Gen. David Petraeus will reportedly plead guilty to providing classified information to his mistress while he was director of the CIA. The plea deal will let him avoid an embarrassing trial and keep his affair out of the limelight.

Justice Department spokesman Marc Raimondi said that Petraeus signed an agreement pleading guilty to one count of unauthorized removal and retention of classified material, the New York Times said Tuesday. The offense carries a maximum penalty of one year in prison.

Petraeus, a four-star general who led wars in Iraq and Afghanistan, was involved in an affair in 2011 with Paula Broadwell, a former Army Reserve officer. Their relationship began when she was interviewing him for a biography, “All In: The Education of General Petraeus.” Petraeus, who was director of the CIA at the time, resigned in 2012 after the FBI started investigating the affair. He had acknowledged the affair but denied leaking any classified information to Broadwell at the time.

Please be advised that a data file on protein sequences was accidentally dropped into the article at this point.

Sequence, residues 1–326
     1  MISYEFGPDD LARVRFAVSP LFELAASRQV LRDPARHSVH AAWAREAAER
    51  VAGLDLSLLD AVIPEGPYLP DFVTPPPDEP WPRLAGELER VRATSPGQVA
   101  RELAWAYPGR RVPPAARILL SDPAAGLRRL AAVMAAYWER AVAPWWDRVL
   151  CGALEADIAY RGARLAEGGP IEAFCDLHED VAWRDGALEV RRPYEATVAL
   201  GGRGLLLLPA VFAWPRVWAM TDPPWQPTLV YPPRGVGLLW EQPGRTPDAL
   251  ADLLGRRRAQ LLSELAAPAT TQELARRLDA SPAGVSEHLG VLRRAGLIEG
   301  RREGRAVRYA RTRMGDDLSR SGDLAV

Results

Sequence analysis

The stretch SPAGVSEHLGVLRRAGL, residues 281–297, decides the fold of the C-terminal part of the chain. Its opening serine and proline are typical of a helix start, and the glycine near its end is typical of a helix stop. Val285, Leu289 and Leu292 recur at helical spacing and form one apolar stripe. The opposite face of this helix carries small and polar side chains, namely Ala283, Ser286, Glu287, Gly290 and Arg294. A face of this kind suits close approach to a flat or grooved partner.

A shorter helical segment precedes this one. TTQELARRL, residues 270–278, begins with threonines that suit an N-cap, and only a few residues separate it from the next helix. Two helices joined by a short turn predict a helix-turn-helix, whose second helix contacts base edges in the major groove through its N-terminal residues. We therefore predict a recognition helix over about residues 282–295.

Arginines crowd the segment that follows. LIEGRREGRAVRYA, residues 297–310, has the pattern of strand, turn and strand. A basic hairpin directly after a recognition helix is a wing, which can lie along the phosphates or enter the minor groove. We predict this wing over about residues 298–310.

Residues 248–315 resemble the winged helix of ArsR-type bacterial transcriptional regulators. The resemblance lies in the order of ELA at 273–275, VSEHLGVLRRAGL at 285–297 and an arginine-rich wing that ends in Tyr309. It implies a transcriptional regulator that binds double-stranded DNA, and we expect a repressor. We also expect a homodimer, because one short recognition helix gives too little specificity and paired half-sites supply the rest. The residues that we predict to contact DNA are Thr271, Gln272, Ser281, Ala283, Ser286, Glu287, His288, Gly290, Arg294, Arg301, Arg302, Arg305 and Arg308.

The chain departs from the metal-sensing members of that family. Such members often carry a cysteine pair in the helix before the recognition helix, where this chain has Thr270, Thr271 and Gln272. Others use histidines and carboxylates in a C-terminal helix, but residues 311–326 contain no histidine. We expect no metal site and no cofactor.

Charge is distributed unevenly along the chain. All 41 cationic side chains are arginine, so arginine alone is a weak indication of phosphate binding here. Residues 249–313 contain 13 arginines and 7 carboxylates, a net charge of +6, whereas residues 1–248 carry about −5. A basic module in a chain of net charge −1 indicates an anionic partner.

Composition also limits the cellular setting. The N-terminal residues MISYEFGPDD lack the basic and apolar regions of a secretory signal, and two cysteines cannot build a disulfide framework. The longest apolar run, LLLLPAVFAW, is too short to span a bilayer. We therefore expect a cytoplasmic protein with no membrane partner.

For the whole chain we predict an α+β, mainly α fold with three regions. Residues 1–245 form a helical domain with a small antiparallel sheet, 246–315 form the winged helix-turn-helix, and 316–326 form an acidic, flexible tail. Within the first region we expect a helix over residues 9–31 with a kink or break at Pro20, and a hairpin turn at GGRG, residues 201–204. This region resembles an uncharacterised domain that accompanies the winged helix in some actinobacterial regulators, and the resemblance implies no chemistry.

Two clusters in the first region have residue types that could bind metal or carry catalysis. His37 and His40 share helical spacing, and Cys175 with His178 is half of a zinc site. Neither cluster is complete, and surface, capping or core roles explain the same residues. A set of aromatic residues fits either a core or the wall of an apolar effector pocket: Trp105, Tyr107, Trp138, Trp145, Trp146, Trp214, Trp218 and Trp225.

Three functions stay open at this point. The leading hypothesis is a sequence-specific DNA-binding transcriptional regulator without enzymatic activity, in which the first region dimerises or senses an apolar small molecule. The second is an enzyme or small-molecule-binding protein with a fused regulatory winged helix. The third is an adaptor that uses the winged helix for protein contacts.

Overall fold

The FBI discovered the affair when Jill Kelley, Petraeus’ friend, filed a cyberstalking complaint against an anonymous perpetrator, warning her to stay away from Petraeus.  “It didn’t start with Petraeus, but in the course of the investigation they stumbled across him,” said a congressional official briefed on the matter, according to the Times. The FBI eventually traced the emails back to Broadwell and found evidence of Petraeus sharing classified information with her. President Barack Obama spoke up in defense of Petraeus at the time the allegations were brought against him.

Petraeus, who is still married to his wife Holly, ventured into private equity as a partner in Kohlberg Kravis Roberts and taught at Harvard, the University of Southern California and the City University of New York after his retirement from civil service.